On the other hand we have the negative aspects of this massive migratory movement, which mainly belong to the economic facts. When all these people come to Europe and they are inserted, they obviously will need to eat, to sleep, and all those basic needs everyone needs to fulfill, everything they need is paid by the European Union which is affected at the same time by a huge economic crisis, and many countries like Hungary will not be able to take part in the distribution of the refugees mainly because the situation there is quite bad already. Besides that, no one knows when all these people would be able to return back home, so for how much time is Europe going to pay the maintenance of all these people. It is okay, we will help these people, they are suffering an ordeal just to be safe, but economically Europe cannot maintain all these people for a long time.

We can conclude by saying that fundamental human rights have to be respected, but maybe in the middle of an economic crisis we should be taking care of the European citizens mainly and then give help to all the refugees.

 

About the author:

David Fernández Peña David Fernández Peña (16) is a student from Spain and interested in politics, technology and sports.

Refugee crisis

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“The number of people living as refugees from war or persecution exceeded 50 million in 2013, for the first time since World War Two” states a report by the UN refugee agency. Not surprisingly at all, the current refugee crisis has become one of the most widely debated issues due to its repercussion on a global scale. While everyone agrees that the origin of such crisis was the Arab Spring, a series of peaceful, pro-democracy movements that began in 2011 across the Middle East which, unfortunately, led to terrible wars in Libya and Syria, most people fail to have similar ideas regarding what should be done in order to tackle the problem of how to host millions of people.

The notion that Europe should take in a number of refugees as large as necessary has been backed up by many using the following arguments. In the first place, since the article 14 of the UDHR states that everyone has the right to seek and to enjoy asylum in other countries, the advocates of an open European border claim that it is the duty of all to host the refugees. Besides the fact that it is a basic human right, empathy makes people want to help to the extent possible to those exposed to inhumane situations; would a normal person not want help when he has been forced to abandon everything he knew, to live in harsh conditions in refugee camps, or even to attempt to cross seas with no safety measures risking his life and the lives of his loved ones? Secondly, developing regions hosted 86% of the world’s refugees. Taking into account that according to UNHCR, it would cost $20,537,705 only to finance the Syria Regional Refugee Coordination Office, it becomes clear that the costs are high. Developing countries appear to simply not be able to afford to invest the necessary money on refugee camps as opposed to European countries. Lastly, refugees have skills, talents and aspirations, and the ability to contribute socially and economically.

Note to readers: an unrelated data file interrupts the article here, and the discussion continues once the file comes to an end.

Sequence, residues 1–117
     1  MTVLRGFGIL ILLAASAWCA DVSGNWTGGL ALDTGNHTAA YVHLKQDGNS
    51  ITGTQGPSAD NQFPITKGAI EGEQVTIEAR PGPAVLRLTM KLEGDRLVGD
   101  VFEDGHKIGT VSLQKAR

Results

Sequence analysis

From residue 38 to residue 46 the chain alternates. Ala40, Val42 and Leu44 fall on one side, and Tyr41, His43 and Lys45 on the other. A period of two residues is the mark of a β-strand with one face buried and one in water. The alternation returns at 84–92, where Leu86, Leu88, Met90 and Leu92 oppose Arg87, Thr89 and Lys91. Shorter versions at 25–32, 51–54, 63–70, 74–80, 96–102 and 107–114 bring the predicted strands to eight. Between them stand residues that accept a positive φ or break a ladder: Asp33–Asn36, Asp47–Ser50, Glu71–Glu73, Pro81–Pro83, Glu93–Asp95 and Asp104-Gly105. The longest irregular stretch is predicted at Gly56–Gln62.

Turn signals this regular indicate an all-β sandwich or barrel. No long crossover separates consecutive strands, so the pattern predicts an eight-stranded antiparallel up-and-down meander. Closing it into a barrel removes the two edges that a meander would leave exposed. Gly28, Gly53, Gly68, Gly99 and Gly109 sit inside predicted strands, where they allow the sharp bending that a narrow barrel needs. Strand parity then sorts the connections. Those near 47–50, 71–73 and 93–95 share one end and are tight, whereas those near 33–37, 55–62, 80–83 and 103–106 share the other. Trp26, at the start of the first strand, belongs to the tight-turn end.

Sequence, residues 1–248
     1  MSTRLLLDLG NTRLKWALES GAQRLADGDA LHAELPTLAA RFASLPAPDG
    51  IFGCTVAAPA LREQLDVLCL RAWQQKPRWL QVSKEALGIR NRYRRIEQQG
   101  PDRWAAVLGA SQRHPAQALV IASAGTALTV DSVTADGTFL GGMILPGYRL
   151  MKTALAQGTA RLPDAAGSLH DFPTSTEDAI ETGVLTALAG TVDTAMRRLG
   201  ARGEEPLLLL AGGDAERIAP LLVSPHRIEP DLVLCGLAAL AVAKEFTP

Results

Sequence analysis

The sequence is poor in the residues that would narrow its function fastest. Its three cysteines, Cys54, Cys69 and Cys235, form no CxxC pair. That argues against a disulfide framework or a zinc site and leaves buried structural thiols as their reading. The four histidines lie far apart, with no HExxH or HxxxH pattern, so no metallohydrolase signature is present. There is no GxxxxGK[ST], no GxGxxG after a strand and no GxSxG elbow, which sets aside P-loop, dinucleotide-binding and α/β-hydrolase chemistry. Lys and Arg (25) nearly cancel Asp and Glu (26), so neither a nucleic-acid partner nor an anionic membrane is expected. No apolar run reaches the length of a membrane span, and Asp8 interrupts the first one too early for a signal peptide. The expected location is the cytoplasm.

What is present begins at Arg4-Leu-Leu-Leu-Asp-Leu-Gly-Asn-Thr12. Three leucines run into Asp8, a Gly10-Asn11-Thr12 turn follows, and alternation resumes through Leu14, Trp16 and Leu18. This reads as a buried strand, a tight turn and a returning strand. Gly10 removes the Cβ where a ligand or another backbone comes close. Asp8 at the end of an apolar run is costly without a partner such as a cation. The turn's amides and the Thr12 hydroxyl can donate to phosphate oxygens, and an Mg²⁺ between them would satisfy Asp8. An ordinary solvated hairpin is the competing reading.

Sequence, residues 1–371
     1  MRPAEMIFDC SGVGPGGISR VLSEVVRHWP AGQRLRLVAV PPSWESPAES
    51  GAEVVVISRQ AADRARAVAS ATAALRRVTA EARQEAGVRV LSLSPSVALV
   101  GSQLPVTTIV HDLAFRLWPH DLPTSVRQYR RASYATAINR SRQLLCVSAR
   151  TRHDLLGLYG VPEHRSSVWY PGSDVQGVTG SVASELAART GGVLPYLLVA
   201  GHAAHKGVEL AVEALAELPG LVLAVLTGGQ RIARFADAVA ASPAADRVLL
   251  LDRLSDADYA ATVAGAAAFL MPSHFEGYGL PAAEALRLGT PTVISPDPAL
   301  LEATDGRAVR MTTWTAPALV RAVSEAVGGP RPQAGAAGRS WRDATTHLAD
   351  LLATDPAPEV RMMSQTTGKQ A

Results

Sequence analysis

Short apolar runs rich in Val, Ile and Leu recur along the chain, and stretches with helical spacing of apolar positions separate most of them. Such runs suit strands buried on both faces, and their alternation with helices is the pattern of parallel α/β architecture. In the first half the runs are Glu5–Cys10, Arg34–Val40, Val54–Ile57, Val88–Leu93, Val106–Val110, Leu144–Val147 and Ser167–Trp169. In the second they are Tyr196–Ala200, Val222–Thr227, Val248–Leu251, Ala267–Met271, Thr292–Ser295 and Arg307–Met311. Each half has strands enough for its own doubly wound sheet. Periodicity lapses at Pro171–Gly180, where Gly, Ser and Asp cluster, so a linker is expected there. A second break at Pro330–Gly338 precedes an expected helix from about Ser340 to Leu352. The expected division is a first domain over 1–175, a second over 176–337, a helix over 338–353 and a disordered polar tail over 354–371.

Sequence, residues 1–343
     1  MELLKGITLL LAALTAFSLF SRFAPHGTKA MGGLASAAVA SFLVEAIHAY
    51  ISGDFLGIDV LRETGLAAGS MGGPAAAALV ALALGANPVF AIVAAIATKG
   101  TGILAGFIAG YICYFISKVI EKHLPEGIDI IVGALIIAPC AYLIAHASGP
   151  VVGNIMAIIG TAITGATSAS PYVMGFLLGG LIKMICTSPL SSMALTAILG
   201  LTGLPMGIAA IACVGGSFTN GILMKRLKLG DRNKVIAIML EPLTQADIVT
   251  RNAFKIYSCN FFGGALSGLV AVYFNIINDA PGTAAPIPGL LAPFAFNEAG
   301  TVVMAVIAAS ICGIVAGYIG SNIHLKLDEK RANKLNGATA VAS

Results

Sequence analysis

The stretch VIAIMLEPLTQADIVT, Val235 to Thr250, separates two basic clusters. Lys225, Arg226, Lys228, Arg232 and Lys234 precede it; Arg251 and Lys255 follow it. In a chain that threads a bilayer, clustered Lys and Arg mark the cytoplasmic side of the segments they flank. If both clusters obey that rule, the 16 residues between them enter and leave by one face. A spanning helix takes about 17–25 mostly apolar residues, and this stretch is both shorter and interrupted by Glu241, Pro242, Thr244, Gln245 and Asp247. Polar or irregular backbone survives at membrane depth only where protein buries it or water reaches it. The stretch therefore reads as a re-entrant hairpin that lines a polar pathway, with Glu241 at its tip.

On the other hand, a number of European nations have made it clear they are not willing to welcome many newcomers, despite the current crisis, e.g., Hungary’s Prime Minister Viktor Orban built a barbed-wire fence along Hungary’s border with Serbia and introduced a new migratory law making any fence crossing a criminal offense. Those who agree with the Hungarian Prime Minister often argue that taking in all asylum-seekers would have a negative effect on European societies as well as economies. Refugees will not only be a “loss of capital” for the states but also a threat to their civic identity. People shudder at the sight of the potential change that the refugees might bring with them, something which contributes to the rise of an anti-immigration feeling. Illustrating this point, Orban stated: “Is it not worrying in itself that European Christianity is now barely able to keep Europe Christian?”

In conclusion, the EU has announced an emergency quota system that will spread out the influx of refugees across its member states, aiming to improve the situation and avoid irrevocable mistakes. I strongly support the opinion of having open European borders for all Syrians and Afghans and honestly believe that the European Union should be realistic about the number of refugees that will arrive in the near future to our continent as to handle the crisis appropriately.

 

About the author:

Photo Mónica Martínez Jorge is 16-year-old student from Spain who is interested in politics.